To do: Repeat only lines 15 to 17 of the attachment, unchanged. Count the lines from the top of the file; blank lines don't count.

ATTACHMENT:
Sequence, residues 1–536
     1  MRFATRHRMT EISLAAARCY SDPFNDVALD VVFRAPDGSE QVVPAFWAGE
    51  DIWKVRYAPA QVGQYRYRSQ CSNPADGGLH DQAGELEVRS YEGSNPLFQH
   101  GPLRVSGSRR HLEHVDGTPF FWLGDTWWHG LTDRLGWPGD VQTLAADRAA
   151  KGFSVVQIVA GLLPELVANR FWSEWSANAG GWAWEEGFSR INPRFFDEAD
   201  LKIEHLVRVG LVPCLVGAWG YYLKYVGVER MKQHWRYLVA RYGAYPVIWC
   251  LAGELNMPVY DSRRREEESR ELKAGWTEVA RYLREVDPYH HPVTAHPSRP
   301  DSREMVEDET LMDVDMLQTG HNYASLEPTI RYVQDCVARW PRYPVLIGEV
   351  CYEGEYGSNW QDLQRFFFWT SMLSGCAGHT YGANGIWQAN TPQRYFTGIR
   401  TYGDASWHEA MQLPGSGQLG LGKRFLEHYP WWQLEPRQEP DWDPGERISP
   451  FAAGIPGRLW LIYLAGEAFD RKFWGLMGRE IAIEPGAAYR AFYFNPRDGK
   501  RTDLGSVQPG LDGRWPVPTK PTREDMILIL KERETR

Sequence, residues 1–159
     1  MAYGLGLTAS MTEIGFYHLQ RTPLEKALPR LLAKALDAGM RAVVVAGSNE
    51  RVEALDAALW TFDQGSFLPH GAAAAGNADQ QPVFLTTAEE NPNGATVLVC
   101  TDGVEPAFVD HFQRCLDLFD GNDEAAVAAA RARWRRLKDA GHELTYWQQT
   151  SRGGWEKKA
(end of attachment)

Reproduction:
    51  RVEALDAALW TFDQGSFLPH GAAAAGNADQ QPVFLTTAEE NPNGATVLVC
   101  TDGVEPAFVD HFQRCLDLFD GNDEAAVAAA RARWRRLKDA GHELTYWQQT
   151  SRGGWEKKA